New Delhi now fears that the international isolation of the Tatmadaw will push the junta straight into Beijing’s lap.
Bordering four of India’s northeastern states, Mizoram, Manipur, Nagaland and Arunachal Pradesh, Myanmar shares a 1,650-kilometer border with India. The northeastern states are a sensitive region for New Delhi, harboring separatist movements and insurgencies. Historically, the region has served as a pressure valve for conflict in Burma and a destination for waves of refugees. Increasing numbers of conscientious deserters from the Myanmar Police Force are already sheltering in India’s border states with Myanmar, especially Mizoram. For the time being, the Indian government may tolerate smaller numbers of deserters. But if cross-border affinities develop to the point that the restive states become bases for insurgency inside Myanmar, and if such insurgent groups build links with militant Indian separatist movements, New Delhi will have little patience.
For example, the disruptive capability of Myanmar’s Arakan Army (AA) remains a key concern for India. The AA, a Buddhist militia active in Rakhine State, has over the last two years threatened cross-border infrastructure projects enhancing India’s connectivity with Southeast Asia via Myanmar.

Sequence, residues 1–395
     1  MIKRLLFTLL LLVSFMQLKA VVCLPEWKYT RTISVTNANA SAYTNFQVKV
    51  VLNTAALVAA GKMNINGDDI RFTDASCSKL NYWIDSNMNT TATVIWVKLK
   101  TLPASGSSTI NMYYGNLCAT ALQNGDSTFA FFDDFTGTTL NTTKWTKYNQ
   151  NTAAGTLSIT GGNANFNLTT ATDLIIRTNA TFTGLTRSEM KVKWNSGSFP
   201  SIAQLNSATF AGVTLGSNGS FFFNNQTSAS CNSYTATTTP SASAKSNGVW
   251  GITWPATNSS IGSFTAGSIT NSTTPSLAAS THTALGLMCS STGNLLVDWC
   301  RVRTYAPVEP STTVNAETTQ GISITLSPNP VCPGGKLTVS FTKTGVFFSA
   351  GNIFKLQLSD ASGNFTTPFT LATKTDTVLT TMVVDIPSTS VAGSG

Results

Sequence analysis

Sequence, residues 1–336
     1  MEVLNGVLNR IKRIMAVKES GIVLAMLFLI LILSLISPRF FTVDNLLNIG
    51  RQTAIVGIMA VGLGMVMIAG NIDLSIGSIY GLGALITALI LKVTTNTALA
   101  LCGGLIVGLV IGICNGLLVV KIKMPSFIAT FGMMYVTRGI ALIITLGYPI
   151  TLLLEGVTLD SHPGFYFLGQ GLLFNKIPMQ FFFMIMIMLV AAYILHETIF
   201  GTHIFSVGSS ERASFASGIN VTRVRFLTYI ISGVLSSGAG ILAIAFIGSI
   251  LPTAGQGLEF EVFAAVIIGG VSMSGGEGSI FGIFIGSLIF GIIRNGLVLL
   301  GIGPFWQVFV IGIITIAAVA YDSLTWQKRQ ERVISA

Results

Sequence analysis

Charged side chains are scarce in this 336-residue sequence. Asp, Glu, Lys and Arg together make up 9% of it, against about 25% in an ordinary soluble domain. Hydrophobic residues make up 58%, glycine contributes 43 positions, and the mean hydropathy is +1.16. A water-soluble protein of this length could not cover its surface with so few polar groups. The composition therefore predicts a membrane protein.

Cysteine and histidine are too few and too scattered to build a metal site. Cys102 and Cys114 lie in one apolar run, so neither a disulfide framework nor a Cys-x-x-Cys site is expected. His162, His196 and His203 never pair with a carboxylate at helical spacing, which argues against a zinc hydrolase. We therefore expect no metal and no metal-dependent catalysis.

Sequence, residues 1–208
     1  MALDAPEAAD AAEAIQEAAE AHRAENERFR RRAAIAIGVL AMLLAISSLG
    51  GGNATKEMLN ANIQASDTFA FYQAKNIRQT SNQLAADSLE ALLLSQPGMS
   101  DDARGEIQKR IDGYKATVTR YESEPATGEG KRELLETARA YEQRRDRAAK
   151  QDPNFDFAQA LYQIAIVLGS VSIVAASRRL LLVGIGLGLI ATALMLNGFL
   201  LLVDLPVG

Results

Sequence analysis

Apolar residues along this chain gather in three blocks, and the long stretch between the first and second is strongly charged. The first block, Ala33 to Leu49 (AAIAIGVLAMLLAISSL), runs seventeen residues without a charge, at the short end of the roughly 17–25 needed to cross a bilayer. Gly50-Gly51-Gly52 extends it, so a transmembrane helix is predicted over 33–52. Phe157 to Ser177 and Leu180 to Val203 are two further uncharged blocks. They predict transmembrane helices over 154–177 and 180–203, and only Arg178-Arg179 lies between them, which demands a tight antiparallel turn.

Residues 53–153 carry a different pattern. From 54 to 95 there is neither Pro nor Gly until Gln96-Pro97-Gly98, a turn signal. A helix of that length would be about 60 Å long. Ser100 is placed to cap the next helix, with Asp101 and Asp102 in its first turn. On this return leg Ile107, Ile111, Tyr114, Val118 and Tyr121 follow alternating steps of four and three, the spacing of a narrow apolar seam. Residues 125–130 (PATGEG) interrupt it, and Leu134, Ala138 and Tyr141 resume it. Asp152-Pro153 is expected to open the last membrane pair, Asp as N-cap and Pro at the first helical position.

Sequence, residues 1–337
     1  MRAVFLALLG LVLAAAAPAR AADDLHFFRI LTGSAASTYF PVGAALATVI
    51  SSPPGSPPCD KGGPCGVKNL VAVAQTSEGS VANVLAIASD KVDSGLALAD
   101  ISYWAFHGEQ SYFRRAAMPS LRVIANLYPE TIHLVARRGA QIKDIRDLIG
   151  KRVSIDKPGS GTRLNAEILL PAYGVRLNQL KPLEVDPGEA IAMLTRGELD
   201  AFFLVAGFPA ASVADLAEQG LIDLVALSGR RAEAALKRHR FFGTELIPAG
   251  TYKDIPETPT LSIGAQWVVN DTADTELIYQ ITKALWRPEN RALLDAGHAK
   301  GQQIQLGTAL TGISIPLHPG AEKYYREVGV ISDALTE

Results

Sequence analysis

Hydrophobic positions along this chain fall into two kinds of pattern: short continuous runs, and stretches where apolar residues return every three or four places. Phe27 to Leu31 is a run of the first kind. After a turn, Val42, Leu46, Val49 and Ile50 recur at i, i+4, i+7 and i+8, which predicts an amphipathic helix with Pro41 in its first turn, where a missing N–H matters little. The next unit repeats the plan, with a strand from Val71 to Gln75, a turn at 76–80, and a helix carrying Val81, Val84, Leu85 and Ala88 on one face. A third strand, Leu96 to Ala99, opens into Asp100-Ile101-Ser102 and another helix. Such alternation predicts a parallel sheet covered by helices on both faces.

Armed groups in border regions
The Tatmadaw’s conflict with the AA ended after the coup, but the group may join with other EAOs or pursue its own agenda. For the people of Rakhine State in Myanmar, civil war has plagued the region for more than two years. It has experienced fewer protests than the Bamar (ethnic Burmese) heartlands and its population may be reticent to commit to joining a broad resistance movement against the Tatmadaw, especially after years of internecine conflict there and the population of internally displaced people numbering in the tens of thousands. The junta’s State Administration Council (SAC) appears keen to move these people back into Rakhine State, largely against their wishes, since they fear returning to fields strewn with land mines. Meanwhile, the Tatmadaw has been reinforcing its presence in Rakhine State, fueling fears among its inhabitants that conflict will resume at any moment.
Ethnic groups, seeing the Tatmadaw’s crackdown in the hinterland, do not accept the sincerity of the junta’s pledges.